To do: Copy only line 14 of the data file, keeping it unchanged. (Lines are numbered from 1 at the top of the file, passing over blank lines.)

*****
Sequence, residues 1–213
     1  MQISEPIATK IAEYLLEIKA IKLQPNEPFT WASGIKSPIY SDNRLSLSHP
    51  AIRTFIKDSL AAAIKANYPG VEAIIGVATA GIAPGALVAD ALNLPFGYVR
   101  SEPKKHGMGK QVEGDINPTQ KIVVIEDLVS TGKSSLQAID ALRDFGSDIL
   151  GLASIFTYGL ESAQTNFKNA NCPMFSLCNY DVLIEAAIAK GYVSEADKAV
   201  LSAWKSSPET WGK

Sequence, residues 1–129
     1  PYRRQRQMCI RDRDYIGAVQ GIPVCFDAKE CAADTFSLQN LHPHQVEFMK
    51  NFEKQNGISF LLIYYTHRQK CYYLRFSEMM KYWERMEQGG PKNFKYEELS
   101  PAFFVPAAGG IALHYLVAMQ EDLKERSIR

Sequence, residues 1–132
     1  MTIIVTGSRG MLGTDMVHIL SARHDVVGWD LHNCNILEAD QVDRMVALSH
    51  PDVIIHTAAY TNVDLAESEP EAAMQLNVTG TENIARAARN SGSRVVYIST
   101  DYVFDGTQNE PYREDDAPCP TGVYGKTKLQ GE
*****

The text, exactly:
   101  DYVFDGTQNE PYREDDAPCP TGVYGKTKLQ GE